All to play for in bancassurance growth

September 10, 2021 | 08:00
Bancassurance is prefigured to gain new momentum thanks to its win-win doctrine which generates a generous amount of upfront fees for banks, while insurers could leverage banks’ wide-ranging network despite the rigorous social restrictions.
Bancassurance services often fail to get through to customers who may have little knowledge of them, Photo: Shutterstock
Bancassurance services often fail to get through to customers who may have little knowledge of them. Photo: Shutterstock

Preliminary statistics from the Ministry of Finance has revealed that the total new premium revenues of life insurance companies in the first half of 2021 from the bancassurance channel reached more than $339 million, while the agency channel was around $595.7 million and other channels hit $17.4 million.

In addition to accelerating digital engagement across the customer journey, insurers have also been reinforcing cross-selling initiatives through bancassurance. Non-interest income growth will become the main driver and take unprecedented priority in banks’ income, and bancassurance is among the crucial elements, according to Viet Dragon Securities.

Bancassurance is seen to continue to grow much faster than the agency channel. At some insurance companies such as Prudential, Dai-ichi Life, Sun Life, MB Ageas, and FWD, new premium revenues from bancassurance in the past six months has increased equal to, or even higher than, revenues from agency channels.

So far in 2021, new premium incomes from Prudential’s bancassurance channel has surpassed the traditional agency channel, while that of MB Ageas nearly doubled the new premium fee from the agency channel. Sun Life Vietnam also reported its new premium income accounting for nearly 90 per cent of total new fee revenue.

The strong growth of the bancassurance channel with revenue similar to that of the agency channel also helped Dai-ichi Life rise to second among foreign-invested insurers in Vietnam regarding new premium fees in the first half of 2021.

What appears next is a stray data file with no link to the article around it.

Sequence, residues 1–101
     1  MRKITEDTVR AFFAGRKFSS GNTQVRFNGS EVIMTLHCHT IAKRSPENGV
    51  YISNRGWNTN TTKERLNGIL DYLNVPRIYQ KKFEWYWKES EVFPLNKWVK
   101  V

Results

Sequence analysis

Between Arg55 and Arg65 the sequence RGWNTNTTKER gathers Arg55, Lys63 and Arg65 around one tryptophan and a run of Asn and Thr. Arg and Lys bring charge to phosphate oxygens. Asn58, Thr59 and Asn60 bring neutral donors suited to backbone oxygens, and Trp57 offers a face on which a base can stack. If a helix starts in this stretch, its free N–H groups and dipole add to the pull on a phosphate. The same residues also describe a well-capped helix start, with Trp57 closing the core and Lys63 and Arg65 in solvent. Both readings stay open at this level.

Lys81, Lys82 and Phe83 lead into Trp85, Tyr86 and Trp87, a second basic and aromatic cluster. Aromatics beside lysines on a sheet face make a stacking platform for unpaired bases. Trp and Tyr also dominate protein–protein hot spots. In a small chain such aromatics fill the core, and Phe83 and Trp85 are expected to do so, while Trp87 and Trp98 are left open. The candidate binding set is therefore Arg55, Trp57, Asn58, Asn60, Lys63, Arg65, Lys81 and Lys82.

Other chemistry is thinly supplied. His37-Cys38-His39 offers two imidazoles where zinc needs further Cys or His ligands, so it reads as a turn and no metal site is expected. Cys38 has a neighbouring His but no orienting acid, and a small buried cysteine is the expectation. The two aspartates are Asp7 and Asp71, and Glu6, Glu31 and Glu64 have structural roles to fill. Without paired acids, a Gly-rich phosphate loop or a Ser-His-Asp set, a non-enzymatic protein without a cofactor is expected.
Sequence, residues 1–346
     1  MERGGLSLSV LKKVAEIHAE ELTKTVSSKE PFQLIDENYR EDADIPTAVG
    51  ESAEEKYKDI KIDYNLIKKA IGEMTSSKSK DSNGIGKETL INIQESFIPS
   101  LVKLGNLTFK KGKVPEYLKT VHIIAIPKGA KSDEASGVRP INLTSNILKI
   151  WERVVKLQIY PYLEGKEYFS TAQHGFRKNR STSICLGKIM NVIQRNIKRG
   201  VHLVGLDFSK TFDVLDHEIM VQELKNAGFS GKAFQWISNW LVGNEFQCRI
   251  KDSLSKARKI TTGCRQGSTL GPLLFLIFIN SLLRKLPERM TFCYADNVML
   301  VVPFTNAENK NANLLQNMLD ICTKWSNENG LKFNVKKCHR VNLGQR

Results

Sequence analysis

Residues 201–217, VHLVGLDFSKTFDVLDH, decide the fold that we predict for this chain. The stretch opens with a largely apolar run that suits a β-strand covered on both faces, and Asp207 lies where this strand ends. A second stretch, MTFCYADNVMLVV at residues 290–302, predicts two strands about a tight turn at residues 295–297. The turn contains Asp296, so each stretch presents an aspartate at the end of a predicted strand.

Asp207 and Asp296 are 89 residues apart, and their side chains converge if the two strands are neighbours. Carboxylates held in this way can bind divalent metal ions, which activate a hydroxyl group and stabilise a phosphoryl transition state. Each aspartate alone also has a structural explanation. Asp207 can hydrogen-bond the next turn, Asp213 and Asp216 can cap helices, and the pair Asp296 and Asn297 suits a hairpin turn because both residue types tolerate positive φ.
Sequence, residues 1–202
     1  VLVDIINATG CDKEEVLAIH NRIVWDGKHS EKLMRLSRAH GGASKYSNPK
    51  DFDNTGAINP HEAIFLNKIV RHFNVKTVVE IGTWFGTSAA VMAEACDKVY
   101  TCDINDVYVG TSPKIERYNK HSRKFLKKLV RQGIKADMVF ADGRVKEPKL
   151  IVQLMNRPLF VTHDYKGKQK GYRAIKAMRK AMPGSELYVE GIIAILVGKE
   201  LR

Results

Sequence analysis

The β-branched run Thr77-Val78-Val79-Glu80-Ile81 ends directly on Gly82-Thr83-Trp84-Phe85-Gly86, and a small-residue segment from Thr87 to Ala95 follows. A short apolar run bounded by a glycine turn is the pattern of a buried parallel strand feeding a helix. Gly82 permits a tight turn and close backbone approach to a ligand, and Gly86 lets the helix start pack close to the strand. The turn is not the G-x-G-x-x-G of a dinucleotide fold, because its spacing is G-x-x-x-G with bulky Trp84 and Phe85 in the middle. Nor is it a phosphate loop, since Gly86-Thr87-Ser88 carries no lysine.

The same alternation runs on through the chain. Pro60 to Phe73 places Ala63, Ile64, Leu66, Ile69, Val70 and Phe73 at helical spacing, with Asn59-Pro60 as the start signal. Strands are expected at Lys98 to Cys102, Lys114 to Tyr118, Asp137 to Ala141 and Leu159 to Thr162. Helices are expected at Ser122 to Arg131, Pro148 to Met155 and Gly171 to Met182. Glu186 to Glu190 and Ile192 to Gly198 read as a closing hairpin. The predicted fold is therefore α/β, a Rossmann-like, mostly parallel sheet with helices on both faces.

By the end of the period, Manulife’s market share of premium income reached 19.1 per cent. The significant driving force for Manulife’s continuous growth is that the company had cross-selling insurance contracts with privately-held banks that have large customer data such as ACB, TPBank, Techcombank, and SCB, along with reputable foreign banks such as Shinhan Bank and ANZ, which helped speed up exploitation activities.

“There has also been significant investment in technology at the insurance companies in Vietnam, which explains why Vietnam’s life insurance market has experienced double-digit growth over the past few years,” said Naren Baliga, COO at Manulife Vietnam.

Tanh Tran, deputy head of Yuanta Securities, said that fee income is likely to be a core topline focus among the banks in H2. The current operating conditions emphasise that the Vietnamese banks must diversify their earnings sources to be less dependent on interest income.

“We expect upfront fee recognition from bancassurance exclusivity deals and bancassurance sales to continue providing support for banks’ fee income and earnings in the second half. In addition, we also expect a wave of renegotiated bancassurance exclusivity deals in 2021- 2022,” Tran said.

Southern-based lender HDBank is meanwhile allegedly in the process of renegotiating its tie-up with Japan’s Dai-ichi Life. Yuanta Securities also anticipated that Techcombank and VPBank would renegotiate their partnerships to get higher upfront fees that will probably be within the range of those of their peers.

VPBank is said to be dealing with AIA for a forthcoming exclusive bancassurance deal. If successful, the bank could bag a generous amount of upfront fees. MB Securities predicted this transaction to take place in 2022 at the latest.

VietinBank, on the other hand, is slated to receive upfront fees from monopoly bancassurance partnership with Manulife by the end of 2021 or in the first quarter of 2022 after Manulife completes the acquisition of Aviva.

Vietnam has traditionally been one of the top countries with the highest growth rate of insurance premiums in the world, with an average annual growth rate of over 9.3 per cent. Although continuously recording high growth, Vietnam has a relatively low market penetration rate of only 2.7 per cent by 2019 (non-life insurance is 0.8 per cent and life insurance is 1.9 per cent), much lower than other countries in the region (averagely at 3.3 per cent).

“We believe that the non-life insurance industry will quickly return to the average growth rate of 15 per cent as in the previous period, while life insurance will maintain a high growth rate of 25-30 per cent per annual,” said Khanh Do, analyst at Bao Viet Securities Company.

Despite the high growth rate, the market penetration rate of the bancassurance channel is modest, at only 19 per cent, much lower than the average rate of about 60 per cent in developing countries.

“The low rate lies in several reasons, such as limited products, customers having little understanding of products distributed through banks, and legal issues,” Do told VIR.

However, in the past few years, these problems have been gradually solved by insurance companies as well as banks, gradually increasing the efficiency of bancassurance. For example, the renewal rate through bancassurance was only 70 per cent by 2020, but has been increased to 80 per cent by 2020, and even 9 per cent for some companies, according to Do.

By Celine Luu

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